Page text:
JACUMBA HOT SPRINGS, Calif. — It's the moment hundreds of asylum seekers have been waiting for, U.S. Border Patrol agents arriving to load all of them into SUVs where they will be taken in to get processed.
For many migrants, it's been days, even weeks waiting under the brutal desert conditions in Jacumba Hot Springs.
Each one of them is fleeing their country for a different reason.
“I want a good life, I want to study as well. I want a good future,” said a 13-year-old migrant boy from Azerbaijan.
He told CBS 8 he and his family were misguided and led by coyotes, or human smugglers, that’s how they ended up in the unincorporated area of eastern San Diego county.
“We stayed approximately one day here,” he said.
With hardly any supplies and living under makeshift shelters of tarps and wood, that is why volunteers have been helping with humanitarian aid.
CBS 8 asked Border Patrol agents how processing will be handled, off camera they said they will be scanned by Customs and Border Protection on a case-by-case basis.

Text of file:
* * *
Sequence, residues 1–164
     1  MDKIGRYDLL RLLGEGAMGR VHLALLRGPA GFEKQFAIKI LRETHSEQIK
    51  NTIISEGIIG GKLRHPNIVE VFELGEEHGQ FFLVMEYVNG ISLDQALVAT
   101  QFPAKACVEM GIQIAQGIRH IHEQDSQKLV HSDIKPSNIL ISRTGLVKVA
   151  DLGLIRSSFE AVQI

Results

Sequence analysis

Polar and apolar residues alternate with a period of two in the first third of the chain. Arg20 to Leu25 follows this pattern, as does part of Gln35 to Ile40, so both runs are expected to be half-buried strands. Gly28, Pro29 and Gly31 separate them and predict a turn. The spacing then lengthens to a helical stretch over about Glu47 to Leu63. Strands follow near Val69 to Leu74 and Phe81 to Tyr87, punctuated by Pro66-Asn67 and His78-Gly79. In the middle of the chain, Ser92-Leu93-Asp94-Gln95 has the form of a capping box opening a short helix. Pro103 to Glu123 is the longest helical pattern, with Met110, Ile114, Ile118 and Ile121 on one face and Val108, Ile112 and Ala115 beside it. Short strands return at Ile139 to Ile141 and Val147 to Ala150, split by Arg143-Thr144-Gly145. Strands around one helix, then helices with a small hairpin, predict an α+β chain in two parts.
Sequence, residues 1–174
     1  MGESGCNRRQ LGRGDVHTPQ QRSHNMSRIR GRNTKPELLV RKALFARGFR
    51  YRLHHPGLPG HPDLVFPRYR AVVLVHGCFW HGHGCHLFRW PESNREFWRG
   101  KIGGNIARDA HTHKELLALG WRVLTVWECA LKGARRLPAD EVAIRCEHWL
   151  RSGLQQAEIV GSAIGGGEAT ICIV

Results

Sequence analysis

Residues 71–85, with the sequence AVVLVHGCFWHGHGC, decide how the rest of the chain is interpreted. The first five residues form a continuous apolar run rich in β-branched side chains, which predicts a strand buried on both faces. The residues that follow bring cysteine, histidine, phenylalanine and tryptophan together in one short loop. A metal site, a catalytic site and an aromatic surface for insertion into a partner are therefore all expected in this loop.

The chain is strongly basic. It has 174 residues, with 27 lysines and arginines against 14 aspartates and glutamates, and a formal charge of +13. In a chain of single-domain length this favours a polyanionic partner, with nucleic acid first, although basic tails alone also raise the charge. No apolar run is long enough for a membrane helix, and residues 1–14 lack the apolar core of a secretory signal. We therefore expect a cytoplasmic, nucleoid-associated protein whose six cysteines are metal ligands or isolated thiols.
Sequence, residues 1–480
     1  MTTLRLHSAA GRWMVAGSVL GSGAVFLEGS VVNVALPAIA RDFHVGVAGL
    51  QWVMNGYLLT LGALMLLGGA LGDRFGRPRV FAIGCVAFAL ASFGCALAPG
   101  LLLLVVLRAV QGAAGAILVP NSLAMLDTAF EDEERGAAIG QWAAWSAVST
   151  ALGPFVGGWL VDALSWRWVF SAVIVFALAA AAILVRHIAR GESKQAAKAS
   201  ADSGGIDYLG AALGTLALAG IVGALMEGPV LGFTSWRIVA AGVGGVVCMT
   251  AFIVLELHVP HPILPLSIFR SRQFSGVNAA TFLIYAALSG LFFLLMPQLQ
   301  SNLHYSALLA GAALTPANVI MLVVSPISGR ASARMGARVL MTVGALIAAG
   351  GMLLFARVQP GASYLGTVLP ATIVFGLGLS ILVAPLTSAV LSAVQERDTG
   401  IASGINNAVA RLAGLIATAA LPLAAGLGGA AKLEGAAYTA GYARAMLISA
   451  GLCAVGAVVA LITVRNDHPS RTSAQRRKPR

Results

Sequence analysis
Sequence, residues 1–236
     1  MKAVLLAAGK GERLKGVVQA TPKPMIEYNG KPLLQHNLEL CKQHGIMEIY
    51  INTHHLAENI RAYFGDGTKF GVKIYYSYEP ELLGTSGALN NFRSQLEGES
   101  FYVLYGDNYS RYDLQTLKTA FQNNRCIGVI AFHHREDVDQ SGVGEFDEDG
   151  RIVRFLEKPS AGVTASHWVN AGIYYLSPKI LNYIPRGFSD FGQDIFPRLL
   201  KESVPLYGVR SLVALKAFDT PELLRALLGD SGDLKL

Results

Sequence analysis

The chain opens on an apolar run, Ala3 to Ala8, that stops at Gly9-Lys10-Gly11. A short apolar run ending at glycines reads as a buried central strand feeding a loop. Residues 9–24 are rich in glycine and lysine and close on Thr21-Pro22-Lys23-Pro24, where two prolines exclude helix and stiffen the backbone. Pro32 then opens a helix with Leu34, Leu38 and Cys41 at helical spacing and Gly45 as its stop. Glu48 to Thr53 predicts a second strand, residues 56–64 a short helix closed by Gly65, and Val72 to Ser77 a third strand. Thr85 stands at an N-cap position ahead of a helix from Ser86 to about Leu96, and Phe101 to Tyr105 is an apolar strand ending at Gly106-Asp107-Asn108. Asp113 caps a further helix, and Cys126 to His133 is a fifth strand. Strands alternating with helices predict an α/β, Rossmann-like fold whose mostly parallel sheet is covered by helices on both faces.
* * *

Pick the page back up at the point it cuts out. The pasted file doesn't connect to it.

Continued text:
On Monday, Border Patrol agents loaded up over two hundred migrants onto buses.
They added that migrant crossings are not uncommon in the area, but have never seen it of this magnitude.
Border Patrol agents also highlighted that none of the migrants were fleeing from law enforcement. They have been asking agents to help them get processed.
Colombian migrant Miguel Angel said he hopes to get his asylum claim started so he can reunite with his brother.
Border Patrol’s goal is to clear out all the migrant campsites in the area by Monday night.
WATCH RELATED: Different scenes the U.S.-Mexico border after Title 42 ends